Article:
Cambria Style

Grilling Fruit

June, 2014

A few minutes over the fire intensifies the juicy sweetness of fresh fruit, caramelizing its natural sugars and adding a smoky depth of flavor you’ll enjoy in everything from salsa todessert to, yes, sangria. Here’s how to get perfect results every time.

Pick your fruit | “I can’t think of any fruit that doesn’t grill well,” says cook and food educator Stephanie Meyer. But, there are a few secrets to remember at the fruit stand. First, the fruit should be fresh and ripe—but not too ripe. An overripe peach, for example, will just fall apart. Just barely-ripe fruits are your best bet.


Don’t peel it | With a few exceptions, like mangos and pineapples, it’s best to leave the peel on your fruit as you grill it. The peel gives structure that helps the pieces stay together.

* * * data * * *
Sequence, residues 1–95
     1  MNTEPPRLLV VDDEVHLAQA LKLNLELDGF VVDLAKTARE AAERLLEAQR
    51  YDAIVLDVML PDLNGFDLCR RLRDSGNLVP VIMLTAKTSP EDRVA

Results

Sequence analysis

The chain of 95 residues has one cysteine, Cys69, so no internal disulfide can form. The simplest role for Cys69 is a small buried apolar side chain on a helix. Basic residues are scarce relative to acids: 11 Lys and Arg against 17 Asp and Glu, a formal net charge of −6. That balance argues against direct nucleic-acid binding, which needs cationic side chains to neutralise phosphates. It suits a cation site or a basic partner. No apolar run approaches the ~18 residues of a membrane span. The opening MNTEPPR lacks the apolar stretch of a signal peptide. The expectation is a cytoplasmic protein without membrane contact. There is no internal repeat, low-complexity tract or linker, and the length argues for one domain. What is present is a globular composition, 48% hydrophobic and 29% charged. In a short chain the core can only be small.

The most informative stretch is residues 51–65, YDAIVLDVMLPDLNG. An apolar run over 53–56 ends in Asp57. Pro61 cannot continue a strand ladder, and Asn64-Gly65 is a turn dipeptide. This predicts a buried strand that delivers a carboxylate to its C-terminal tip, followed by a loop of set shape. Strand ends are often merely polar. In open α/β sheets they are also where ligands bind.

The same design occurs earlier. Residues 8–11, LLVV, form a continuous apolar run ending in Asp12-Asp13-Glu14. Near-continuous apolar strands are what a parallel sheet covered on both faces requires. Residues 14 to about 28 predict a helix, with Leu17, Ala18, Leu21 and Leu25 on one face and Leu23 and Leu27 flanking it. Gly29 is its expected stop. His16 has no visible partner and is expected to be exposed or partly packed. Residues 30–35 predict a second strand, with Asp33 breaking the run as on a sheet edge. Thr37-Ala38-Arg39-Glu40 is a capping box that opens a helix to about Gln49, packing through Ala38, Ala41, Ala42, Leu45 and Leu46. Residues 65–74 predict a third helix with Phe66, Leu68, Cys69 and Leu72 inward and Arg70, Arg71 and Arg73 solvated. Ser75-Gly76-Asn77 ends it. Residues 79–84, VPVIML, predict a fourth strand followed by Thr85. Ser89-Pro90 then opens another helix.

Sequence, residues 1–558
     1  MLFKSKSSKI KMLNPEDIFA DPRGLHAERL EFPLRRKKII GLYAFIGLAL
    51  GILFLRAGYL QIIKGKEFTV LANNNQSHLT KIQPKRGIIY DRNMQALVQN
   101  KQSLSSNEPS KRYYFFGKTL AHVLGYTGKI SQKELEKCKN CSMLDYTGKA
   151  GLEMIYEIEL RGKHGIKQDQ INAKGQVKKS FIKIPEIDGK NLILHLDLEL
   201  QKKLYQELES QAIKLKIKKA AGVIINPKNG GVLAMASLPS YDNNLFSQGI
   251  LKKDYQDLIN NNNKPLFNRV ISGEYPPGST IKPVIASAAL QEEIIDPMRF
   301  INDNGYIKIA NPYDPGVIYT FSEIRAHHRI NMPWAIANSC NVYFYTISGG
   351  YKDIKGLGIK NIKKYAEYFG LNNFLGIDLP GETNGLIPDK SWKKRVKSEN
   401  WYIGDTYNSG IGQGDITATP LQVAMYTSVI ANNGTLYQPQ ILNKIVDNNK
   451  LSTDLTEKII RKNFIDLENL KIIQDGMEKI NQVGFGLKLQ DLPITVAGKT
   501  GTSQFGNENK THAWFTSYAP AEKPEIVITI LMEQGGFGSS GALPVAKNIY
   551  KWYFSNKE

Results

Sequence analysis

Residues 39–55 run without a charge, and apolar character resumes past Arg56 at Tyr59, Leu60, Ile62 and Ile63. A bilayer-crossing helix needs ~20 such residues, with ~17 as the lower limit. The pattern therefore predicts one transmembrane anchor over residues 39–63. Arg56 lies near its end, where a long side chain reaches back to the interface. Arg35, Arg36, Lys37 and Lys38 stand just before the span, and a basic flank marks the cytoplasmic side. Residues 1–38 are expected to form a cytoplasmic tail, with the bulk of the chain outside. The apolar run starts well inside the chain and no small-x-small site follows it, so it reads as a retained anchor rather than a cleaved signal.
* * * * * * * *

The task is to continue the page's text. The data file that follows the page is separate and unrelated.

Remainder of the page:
Use a grill pan for small fruits | Berries, cherries, and any small pieces of fruit will fall through the grill’s grates, so you’re best off using a grill pan on your range inside, or set on top of the barbecue grates.Oil everything first | Brush the grates of the grill and the
surfaces of the fruit itself with a neutral vegetable oil before grilling. Don’t use a strongly flavored oil like extra-virgin olive oil unless the fruit will be part of a savory dish.

 


Time it right | Grilling times will vary for different types of fruit.
On average, peaches and other stone fruits take about 2 to 4 minutes per side; oranges, lemons, limes, and pineapples about 3 to 4 minutes per side; bananas about 5 minutes; berries about 2 minutes. Remember that you’re not really trying to cook the fruit, just to warm and sear it. You’ll know it’s done when it’s heated through and slightly soft, but
not too mushy.


Finish strong | A sprinkle of salt will highlight the sweetness and add salty contrast to grilled fruit. Drizzling it with flavor-infused simple syrup lends rich dimension, as well.

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